LEMOORE — Around 50 Lemoore Middle College High School seniors could be seen Friday walking into the stands of West Hills College Lemoore’s Golden Eagle Arena during their graduation ceremony to give gifts to those who were significant in their lives.
This ritual sets the high school’s graduation ceremony apart from others, and is only made possible because of the school’s small size. Each student was asked to think of a person who had been significant to their personal achievements and give them a small gift, memento or note, said Principal Chuck Gent.
During this “token of thanks,” the seniors left their seats to find their family members while Fleetwood Mac’s “Landslide” played on the speakers. There were lots of pictures, hugs and maybe even a few tears during this moment of the ceremony.
Class president Steven Gong talked about the 720 school days the class of 2017 has been together, and the journey it took to get the students where they are today. As students reflect on their time in high school, he said he will look back on his time as a period of “growth and evolution.”
“The 52 of us donning caps and gowns are walking tonight,” Gong said. “We walk to celebrate the achievements of our high school careers. We walk to signify the end of publically required education. We walk, because at graduation practice, they told us we couldn’t run.”
Gong told his class that all of their collective shared and not-shared experiences have molded them into the young adults they are now. He thanked his parents, the school’s teachers and staff, and everyone in attendance at the ceremony for supporting the students’ first step into the “real world.”
Class salutatorian Julia McCreary and class valedictorian Brittany Coykendall gave a speech thanking all of the families, staff and friends who have supported the students throughout not only their high school years but all of their lives as well. They also encouraged the students to pursue something in life that makes them happy, while also cherishing the present moments.
For the past seven years, the high school’s staff has presented an award to a graduating student who they feel is an “embodiment of the school and culture” that the staff has tried to create, said Gent. He said they always strive to create an environment of collaboration, caring, compassion, individual determination and success.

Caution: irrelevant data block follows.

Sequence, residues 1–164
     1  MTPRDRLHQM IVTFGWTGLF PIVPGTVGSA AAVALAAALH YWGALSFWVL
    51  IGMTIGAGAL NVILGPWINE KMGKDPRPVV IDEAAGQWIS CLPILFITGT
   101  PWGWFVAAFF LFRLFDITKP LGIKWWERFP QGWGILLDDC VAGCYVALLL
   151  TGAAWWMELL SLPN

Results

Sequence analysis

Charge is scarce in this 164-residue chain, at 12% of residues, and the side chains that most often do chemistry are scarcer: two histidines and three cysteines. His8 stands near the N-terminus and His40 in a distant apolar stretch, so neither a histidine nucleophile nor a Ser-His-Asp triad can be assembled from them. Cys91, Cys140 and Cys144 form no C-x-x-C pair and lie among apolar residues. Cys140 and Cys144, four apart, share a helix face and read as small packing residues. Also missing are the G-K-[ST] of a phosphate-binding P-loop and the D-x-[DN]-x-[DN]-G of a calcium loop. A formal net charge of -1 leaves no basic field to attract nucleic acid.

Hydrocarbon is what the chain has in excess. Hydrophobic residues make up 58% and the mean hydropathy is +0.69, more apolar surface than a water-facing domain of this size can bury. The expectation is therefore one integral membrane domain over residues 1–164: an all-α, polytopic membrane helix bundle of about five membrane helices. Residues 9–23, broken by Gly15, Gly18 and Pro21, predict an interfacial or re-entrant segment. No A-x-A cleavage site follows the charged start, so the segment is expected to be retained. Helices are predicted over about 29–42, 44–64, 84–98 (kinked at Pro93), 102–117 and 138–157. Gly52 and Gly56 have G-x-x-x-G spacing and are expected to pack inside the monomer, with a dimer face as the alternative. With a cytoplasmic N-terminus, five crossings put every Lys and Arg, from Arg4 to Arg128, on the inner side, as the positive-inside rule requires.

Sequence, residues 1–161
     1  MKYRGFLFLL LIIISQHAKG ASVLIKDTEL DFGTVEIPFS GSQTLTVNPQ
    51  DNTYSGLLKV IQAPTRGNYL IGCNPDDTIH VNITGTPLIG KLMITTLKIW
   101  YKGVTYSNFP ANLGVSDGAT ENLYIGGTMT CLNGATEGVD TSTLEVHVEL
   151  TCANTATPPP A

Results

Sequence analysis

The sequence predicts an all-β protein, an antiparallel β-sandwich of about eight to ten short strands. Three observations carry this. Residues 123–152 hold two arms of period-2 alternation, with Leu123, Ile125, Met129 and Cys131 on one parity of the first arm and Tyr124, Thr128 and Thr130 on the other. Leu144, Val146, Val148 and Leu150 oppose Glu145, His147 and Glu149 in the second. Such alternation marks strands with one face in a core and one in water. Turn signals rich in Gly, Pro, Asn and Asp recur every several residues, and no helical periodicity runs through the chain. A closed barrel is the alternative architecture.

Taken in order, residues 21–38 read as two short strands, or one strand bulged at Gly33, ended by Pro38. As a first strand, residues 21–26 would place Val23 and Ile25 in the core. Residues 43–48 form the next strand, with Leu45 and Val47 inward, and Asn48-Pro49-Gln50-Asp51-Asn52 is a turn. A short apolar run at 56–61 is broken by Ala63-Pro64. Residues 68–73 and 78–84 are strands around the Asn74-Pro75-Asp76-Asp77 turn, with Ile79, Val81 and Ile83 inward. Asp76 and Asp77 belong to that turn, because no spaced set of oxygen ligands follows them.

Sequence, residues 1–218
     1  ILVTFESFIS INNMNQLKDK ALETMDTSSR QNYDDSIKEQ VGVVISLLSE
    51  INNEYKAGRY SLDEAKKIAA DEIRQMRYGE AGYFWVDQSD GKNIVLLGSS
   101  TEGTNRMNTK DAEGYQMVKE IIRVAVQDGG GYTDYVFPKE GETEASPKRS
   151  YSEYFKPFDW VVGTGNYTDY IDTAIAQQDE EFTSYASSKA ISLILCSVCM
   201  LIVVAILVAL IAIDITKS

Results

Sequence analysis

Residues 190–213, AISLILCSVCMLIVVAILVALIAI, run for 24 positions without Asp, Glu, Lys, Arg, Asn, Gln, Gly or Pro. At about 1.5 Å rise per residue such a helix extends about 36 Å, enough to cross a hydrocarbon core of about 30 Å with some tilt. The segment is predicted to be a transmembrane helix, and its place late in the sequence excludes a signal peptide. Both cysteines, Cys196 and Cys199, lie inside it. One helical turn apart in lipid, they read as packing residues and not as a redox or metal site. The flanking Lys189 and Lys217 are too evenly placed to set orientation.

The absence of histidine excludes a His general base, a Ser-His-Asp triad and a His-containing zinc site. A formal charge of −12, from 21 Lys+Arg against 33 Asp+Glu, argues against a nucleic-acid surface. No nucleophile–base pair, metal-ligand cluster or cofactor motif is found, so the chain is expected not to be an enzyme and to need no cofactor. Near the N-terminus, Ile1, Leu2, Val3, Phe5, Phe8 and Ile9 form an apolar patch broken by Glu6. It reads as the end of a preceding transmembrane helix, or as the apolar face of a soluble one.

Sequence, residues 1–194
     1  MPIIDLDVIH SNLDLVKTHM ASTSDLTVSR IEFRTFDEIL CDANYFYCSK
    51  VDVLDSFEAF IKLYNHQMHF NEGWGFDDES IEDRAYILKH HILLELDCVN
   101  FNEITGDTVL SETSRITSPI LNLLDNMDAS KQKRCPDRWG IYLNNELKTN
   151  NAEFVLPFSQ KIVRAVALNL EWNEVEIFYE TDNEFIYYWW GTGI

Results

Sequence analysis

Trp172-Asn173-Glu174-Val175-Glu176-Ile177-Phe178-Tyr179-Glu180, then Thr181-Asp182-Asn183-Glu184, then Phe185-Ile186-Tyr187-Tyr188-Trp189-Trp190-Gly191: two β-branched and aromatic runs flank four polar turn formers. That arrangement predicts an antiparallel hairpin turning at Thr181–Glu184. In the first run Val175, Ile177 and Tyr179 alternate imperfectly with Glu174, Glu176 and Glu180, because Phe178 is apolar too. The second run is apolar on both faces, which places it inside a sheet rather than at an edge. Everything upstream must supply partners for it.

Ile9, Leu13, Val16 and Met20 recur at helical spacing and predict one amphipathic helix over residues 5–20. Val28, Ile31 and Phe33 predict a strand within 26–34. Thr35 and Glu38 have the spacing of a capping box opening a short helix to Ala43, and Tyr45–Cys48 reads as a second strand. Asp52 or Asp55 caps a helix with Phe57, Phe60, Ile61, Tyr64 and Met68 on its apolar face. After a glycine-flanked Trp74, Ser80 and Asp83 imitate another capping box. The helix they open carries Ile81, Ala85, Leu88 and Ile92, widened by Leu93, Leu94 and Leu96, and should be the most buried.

The award became known as the “Panther Award,” and Gent said staff puts their own money together to make a $250 scholarship for the winning student. This year, Alexis Ricks received the award.
“This year’s winner defines perseverance,” Gent said.
Gent said Ricks endured the academic decathlon class for three years, and finally only a couple weeks before the county competition, received the call from coach Allen Tong to be a part of the team. Not only did she excel on the team, but Gent said Ricks went on to medal at the state competition.
Ricks talked about the struggles and challenges each of the students went through to get the academic foundation each person now possesses. She said being a Panther means taking personal accountability on and off campus, because they represent their families and school.
“Being a Panther is not for the faint of heart,” Ricks said. “We here at LMCHS do everything with pride.”
Ricks said every student gives 100 percent, and it was an honor for her to win the award, especially knowing that there are many other students at the school who do great things and deserve the award just as much as she does.
“To the graduating class of 2017 — this is not the end, but the beginning,” Ricks said. “Once we get these diplomas, the decisions we make after that are all up to us. The unknown future can be scary, but just remember we have a great foundation and a strong foundation with our faith, love and support from families and friends, but most importantly, we will always be Panthers.”
Ricks advice to the graduating class was to find their passion, stay bold, take more risks, embrace change and never doubt themselves. Her speech was met with thunderous applause from both her peers and the audience.
Gent pointed out five seniors who along with their high school diplomas, graduated with an associate’s degree from West Hills: Coykendall, McCreary, Christianne Evasco, Talha Khan and Alisandra Macias. He also said 26 students are graduating with honors and there were 30 students graduating with over 20 West Hills College units earned.
Other highlights of the ceremony included a key note speech by Spanish teacher Oscar Lopez, who was selected by the students to give the speech, and a musical performance of Coldplay’s “Speed of Sound” by seniors Martin Almaraz on keyboard and Esmeralda Gonzalez on guitar.